Social Security Administration FY 2018 Budget Observations

Published: June 14, 2017

BudgetInformation TechnologySSA

Social Security Administration FY 2018 Budget Observations The fiscal year 2018 budget for the Social Security Administration includes modest increases in discretionary and information technology (IT) budgets.

Last month, the Office of Management and Budget (OMB) submitted an updated and complete FY 2018 budget request with detailed spending plans for each Executive Branch department and agency, including the Social Security Administration (SSA).

Total Discretionary Funding

The federal budget provides the SSA with $10.5B in total discretionary funds for fiscal year (FY) 2018, $334M (+3.3%) over the FY 2017 enacted level.

Discretionary funding priorities include:

  • Improving customer service, reducing wait times and hearing backlogs, modernize IT infrastructure
  • $101M in new budget authority as part of the Supplemental Security Income (SSI) appropriation to support extramural research and early intervention demonstration projects
  • Nearly $1.4B specifically for conducting SSI Continuing Disability Reviews (CDRs) and Non-Disability redeterminations, which would allow SSA to conduct about 557,000 SSI CDRs and 2,822,000 redeterminations.

Total IT and New Development Budgets

For FY 2018, the SSA is seeking $1.6B for IT spending, up roughly $26M (+1.6%) from the enacted FY 21017 level and down $57B from the final FY 2016 level. I went back and looked at last year’s FY 2017 budget request and SSA had requested nearly $1.8B for FY 2017 and reported an enacted FY 2016 IT budget of $1.5B, so they spent $200M more than estimated in FY 2016 and are now estimating they’ll spend $200M less than originally requested for FY 2017. A roughly 12% swing in estimated-versus-final IT budget is not insignificant, but the final FY 2016 spend fell $15M above what SSA had requested for that year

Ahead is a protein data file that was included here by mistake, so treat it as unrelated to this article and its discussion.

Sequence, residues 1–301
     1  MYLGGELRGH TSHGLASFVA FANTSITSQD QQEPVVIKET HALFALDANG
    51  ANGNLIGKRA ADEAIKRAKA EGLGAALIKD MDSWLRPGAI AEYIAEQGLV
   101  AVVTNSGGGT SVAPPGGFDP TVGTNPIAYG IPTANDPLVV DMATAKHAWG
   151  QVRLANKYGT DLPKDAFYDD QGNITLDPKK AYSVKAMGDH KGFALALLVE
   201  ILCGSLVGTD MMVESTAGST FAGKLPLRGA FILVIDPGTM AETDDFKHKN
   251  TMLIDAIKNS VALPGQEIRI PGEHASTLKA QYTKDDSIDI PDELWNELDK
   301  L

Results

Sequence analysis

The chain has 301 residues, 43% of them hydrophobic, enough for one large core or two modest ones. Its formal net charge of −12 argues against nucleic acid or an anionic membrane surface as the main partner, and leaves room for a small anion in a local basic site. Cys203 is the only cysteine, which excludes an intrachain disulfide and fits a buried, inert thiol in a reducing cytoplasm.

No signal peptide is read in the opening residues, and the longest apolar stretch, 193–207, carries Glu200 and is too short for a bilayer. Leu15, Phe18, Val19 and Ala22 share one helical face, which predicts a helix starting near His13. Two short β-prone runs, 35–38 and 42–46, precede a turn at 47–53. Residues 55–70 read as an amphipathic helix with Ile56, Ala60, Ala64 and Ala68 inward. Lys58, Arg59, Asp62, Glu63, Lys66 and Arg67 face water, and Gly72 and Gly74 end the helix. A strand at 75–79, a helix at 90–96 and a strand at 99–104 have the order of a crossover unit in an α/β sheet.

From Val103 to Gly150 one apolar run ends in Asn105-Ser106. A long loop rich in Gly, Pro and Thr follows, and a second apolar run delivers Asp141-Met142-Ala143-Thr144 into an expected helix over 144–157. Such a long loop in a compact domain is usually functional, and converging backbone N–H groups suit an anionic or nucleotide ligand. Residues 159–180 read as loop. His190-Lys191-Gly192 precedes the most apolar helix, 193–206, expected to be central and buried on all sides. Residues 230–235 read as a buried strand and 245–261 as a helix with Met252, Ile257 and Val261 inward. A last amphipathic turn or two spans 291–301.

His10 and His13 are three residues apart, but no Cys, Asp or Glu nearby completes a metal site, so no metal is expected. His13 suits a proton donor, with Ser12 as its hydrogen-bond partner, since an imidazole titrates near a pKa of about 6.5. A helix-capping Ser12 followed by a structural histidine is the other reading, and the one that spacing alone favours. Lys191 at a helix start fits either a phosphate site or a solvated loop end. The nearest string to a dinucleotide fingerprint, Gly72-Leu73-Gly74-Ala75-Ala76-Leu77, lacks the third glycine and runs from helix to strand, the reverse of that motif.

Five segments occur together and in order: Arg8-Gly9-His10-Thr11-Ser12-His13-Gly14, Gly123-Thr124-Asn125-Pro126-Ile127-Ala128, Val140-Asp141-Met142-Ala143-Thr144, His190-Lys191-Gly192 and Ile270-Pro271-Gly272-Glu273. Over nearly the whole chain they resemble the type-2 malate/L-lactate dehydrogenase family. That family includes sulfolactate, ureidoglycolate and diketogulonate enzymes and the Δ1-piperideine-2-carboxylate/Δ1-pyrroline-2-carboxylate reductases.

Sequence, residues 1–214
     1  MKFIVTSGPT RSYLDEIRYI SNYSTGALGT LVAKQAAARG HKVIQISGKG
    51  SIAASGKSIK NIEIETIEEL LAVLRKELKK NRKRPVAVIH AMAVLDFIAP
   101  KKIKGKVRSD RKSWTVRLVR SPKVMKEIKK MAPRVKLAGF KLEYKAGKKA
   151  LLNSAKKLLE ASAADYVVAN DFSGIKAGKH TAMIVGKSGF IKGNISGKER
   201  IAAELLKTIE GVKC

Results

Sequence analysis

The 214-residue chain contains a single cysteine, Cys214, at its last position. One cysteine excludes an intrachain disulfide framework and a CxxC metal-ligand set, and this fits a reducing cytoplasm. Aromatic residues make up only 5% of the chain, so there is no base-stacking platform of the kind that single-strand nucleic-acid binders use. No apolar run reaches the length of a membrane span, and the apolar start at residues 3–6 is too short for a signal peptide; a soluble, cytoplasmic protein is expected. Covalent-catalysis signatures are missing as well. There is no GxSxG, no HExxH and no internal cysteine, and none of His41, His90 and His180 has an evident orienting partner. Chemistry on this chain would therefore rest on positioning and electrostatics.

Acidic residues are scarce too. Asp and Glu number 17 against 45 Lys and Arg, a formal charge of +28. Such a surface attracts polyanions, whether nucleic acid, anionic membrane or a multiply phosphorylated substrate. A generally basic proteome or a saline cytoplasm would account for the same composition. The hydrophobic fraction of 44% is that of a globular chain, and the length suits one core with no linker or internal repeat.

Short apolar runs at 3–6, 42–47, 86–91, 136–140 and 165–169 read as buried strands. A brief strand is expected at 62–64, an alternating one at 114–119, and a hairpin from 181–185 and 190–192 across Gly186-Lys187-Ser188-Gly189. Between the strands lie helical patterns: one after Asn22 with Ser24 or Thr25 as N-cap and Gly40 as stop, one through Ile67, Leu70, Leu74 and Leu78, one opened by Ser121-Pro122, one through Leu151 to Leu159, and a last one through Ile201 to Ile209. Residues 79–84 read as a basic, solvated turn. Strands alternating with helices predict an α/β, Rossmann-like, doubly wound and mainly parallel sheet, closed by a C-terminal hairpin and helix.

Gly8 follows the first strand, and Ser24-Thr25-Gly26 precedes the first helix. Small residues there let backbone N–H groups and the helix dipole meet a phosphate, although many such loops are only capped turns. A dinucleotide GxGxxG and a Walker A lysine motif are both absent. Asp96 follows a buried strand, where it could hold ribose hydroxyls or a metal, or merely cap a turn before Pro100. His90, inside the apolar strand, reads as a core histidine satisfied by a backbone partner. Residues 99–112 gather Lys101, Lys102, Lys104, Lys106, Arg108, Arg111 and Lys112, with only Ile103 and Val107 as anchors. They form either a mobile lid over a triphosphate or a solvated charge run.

The SSA may be shifting a larger relative proportion of their IT budget in FY 2018 to steady state or Operations and Maintenance (O&M) efforts over Development/Modernization/Enhancement (DME) funding categories, a reversal in course over the last few years. The SSA’s $556M of total DME funds for FY 2018 would be a $21M (+3.9%) increase over the FY 2017 level of $535M. That would put FY 2018 DME at nearly 34% of SSA’s total IT budget. While that is slightly above what is projected for FY 2017 it is nearly $80M less than what was allocated in FY 2016, when DME accounted for 37% of SSA’s total IT budget. (See table below.)

Noteworthy IT Programs

Looking at the specifics of the SSA’s IT investments and initiatives provides insight into the agency’s immediate priorities and future direction. Here are some initiatives that stand out among others due to relative size, budget growth, and/or proportion of new development spending.

IT funding highlights include:

  • Infrastructure Operations & Maintenance – Consistently the single largest IT budget line item from year to year, this initiative accounts for 51% of SSA’s overall IT budget and consists of the O&M portion of their Infrastructure Portfolio, including data center, office automation and telecommunications. The FY 2018 budget allots $840M, up 8.1% and is entirely categorized as O&M spending.